The Boston Celtics completed the largest Finals comeback in more than 35 years, eliminating what was once a 24 point Lakers lead for a 97-91 win that puts them one victory away from winning an NBA title.
The Lakers led by 21 points after the first quarter–the largest lead after one quarter in Finals history–and held an 18 point lead at halftime. However, Boston caught fire in the third quarter, outscoring the Lakers by a 31-15 margin to crawl within two of L.A. heading into the final quarter.
“Some turnaround in that ballgame,” said an obviously stunned Coach Jackson after the game. “The air went out of that building. You’ve got to give them credit. Their defense was up to the task in the third quarter and changed some momentum of the game.”
Paul Pierce led the Celtics with 20 points, but Boston received clutch secondary contributions from Ray Allen (19 points) and James Posey (18 points). That smaller lineup, coupled with Eddie House’s 11 points, were pivotal in overturning the Lakers’ lead in the decisive, game-changing third quarter.
Continue reading ‘The Finals Game 4: Post-Game’
Inactives for Tonight’s Game:
Celtics: Scot Pollard, Gabe Pruitt, Brian Scalabrine
Lakers: Andrew Bynum, Coby Karl, DJ Mbenga
11:49 Obviously heeding the advice of Coach Jackson, Odom starts the scoring off for both teams by making an aggressive drive to the basket, drawing a goaltending call for a 2-0 Lakers lead. Hopefully, the move is a sign of things to come for the forward.
10:05 The strong start for the Lakers continues as Kobe, Odom and Gasol put on a clinic in interior passing, with Kobe throwing it Odom who dished a perfect pass to a running Pau who slammed it home to give the Lakers an early 7-2 lead.
8:31 The crowd is rocking early after consecutive layups by Lamar who has clearly come into tonight’s game a determined man, leading the team with six points. After a low-key Game 3, the atmosphere inside STAPLES Center is absolutely electric tonight.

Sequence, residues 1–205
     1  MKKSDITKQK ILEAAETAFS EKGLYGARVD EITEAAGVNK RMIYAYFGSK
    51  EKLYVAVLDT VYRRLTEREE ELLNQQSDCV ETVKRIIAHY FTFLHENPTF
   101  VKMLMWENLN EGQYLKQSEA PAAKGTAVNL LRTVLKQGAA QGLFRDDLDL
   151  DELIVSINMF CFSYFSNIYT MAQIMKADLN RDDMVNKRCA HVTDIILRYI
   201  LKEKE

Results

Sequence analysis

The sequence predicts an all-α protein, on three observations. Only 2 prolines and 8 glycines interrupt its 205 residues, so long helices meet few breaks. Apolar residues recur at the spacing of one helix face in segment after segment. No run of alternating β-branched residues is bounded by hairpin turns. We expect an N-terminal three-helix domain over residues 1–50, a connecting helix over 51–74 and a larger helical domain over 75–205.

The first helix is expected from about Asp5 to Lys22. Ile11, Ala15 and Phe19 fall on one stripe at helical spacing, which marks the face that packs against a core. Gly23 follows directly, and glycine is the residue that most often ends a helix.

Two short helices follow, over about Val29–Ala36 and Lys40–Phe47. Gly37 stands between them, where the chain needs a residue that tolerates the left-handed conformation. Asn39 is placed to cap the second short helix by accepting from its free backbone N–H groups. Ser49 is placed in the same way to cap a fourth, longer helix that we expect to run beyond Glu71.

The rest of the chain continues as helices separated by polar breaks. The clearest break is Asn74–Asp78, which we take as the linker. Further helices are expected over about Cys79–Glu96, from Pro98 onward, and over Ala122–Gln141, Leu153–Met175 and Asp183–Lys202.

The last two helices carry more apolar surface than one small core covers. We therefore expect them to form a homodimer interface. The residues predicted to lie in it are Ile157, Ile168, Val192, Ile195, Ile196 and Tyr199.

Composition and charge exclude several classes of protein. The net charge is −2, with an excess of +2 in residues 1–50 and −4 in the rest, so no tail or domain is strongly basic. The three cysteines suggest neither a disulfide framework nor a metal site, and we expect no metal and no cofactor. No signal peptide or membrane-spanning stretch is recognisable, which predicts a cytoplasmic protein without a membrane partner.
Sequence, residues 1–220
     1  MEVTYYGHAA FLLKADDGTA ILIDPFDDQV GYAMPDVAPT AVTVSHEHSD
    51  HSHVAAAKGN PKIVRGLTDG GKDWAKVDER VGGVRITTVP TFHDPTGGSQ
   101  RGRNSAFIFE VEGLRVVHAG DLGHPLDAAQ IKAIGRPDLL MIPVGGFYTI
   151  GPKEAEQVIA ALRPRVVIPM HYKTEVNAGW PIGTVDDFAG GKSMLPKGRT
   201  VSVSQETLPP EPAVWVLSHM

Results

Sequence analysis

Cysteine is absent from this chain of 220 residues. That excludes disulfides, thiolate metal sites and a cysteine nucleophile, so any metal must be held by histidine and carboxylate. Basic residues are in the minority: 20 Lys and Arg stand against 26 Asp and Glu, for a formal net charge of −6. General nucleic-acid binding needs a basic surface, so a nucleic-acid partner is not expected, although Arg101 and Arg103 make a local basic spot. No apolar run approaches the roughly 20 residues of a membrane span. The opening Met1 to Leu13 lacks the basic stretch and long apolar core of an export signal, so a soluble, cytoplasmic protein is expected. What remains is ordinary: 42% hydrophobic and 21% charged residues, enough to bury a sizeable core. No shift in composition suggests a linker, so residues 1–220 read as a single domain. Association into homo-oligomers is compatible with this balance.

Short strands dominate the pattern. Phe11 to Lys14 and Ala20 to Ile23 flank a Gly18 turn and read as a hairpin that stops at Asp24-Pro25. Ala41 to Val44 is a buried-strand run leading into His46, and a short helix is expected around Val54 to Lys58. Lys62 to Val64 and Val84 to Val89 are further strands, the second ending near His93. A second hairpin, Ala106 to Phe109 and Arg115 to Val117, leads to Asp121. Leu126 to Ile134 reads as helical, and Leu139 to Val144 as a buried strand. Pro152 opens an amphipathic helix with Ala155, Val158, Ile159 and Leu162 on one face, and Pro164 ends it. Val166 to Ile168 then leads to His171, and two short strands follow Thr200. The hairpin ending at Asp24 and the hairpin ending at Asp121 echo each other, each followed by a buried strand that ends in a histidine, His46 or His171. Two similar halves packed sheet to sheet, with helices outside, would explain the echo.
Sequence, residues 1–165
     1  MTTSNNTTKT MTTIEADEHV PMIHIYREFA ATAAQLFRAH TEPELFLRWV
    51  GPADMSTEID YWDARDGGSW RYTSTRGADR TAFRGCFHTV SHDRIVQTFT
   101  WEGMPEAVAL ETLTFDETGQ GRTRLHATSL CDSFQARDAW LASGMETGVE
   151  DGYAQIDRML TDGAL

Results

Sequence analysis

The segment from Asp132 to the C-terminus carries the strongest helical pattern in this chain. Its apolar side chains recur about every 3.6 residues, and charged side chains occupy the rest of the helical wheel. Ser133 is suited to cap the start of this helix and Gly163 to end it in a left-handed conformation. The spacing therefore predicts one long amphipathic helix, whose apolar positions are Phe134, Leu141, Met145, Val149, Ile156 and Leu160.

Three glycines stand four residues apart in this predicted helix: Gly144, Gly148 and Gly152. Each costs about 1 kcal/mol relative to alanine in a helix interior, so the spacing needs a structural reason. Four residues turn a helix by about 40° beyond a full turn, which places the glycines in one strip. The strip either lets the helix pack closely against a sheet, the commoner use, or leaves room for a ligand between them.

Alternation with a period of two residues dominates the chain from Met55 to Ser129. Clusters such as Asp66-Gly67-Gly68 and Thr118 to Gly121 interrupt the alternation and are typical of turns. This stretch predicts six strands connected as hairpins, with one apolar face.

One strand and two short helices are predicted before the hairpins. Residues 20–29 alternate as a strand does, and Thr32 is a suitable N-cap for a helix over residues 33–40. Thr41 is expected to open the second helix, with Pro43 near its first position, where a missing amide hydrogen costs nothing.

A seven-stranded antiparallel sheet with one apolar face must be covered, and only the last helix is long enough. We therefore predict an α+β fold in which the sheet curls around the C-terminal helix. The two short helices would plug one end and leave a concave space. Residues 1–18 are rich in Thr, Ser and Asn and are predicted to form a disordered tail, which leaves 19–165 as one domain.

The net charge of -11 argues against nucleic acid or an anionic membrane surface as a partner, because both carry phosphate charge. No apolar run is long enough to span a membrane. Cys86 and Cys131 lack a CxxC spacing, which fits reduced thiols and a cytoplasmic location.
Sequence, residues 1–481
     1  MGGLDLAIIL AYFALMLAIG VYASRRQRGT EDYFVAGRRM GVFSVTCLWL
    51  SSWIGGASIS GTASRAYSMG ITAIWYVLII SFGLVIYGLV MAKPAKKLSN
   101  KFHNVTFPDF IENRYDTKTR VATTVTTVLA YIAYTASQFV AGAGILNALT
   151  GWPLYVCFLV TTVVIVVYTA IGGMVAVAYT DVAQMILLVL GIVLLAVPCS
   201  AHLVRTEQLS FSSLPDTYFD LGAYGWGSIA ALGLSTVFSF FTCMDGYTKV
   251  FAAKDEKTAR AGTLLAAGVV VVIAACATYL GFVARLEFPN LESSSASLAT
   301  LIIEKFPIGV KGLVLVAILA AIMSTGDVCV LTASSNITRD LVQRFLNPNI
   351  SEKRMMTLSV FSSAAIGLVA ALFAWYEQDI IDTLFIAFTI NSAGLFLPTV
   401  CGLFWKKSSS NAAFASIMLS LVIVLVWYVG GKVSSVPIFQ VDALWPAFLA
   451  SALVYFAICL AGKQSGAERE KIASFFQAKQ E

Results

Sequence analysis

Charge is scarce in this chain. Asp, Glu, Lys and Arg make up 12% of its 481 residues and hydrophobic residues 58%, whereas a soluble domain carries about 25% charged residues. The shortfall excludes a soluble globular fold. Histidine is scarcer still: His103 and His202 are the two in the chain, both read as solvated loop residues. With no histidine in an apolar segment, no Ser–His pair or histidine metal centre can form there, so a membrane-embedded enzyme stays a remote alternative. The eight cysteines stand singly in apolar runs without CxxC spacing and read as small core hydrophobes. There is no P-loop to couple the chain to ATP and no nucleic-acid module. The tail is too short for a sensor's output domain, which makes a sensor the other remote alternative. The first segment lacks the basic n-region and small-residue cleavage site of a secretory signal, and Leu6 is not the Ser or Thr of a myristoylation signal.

6:39 Doc Rivers is forced to call timeout after another series of perfect passes results in Odom’s fourth layup of the game already. Meanwhile, the Lakers’ offense is looking as crisp as it has all series, now up by double digits early 16-6. All five players on the floor have scored.
Continue reading ‘The Finals Game 4: In-Game’
Before tonight’s pivotal Game 4 against the Celtics, Coach Jackson addressed the lack of physicality in Pau Gasol’s game after the center has been unable to sustain his performance from previous playoff series.
“I think that would be a reputation that Pay came to us with,” said Jackson. “I think that’s one of the reasons perhaps we were fortunate enough to get him in the draft situation is that perhaps that had been carried with him, that perhaps he was not a center, he was more of a forward type player.”
Jackson added, “The last game obviously wasn’t a great game for him, but we believe that he’s going to have another real good game for us. I won’t touch the soft, though (smiling).”
While Gasol has experienced his fair share of criticism throughout the first three games of the Finals, Lamar Odom’s sub par performance has also been placed under the national spotlight–something that has not fallen on deaf ears for Jackson.
“Well, Lamar is our best rebounder, and one of the things they’ve been doing is neutralizing him on the defensive boards by just–he’s guarding Perkins, and Perkins is just plowing him under the basket,” said Jackson. “He’s got to get back and get rebounds because from there springs out transition game where he’s so effective.”
According to the Lakers coach, Odom needs to find a way to maneuver around Garnett as well, who has been playing what Jackson labeled a “spy game,” going wherever he is most needed on defense, often in Lamar’s path.
What Went Right: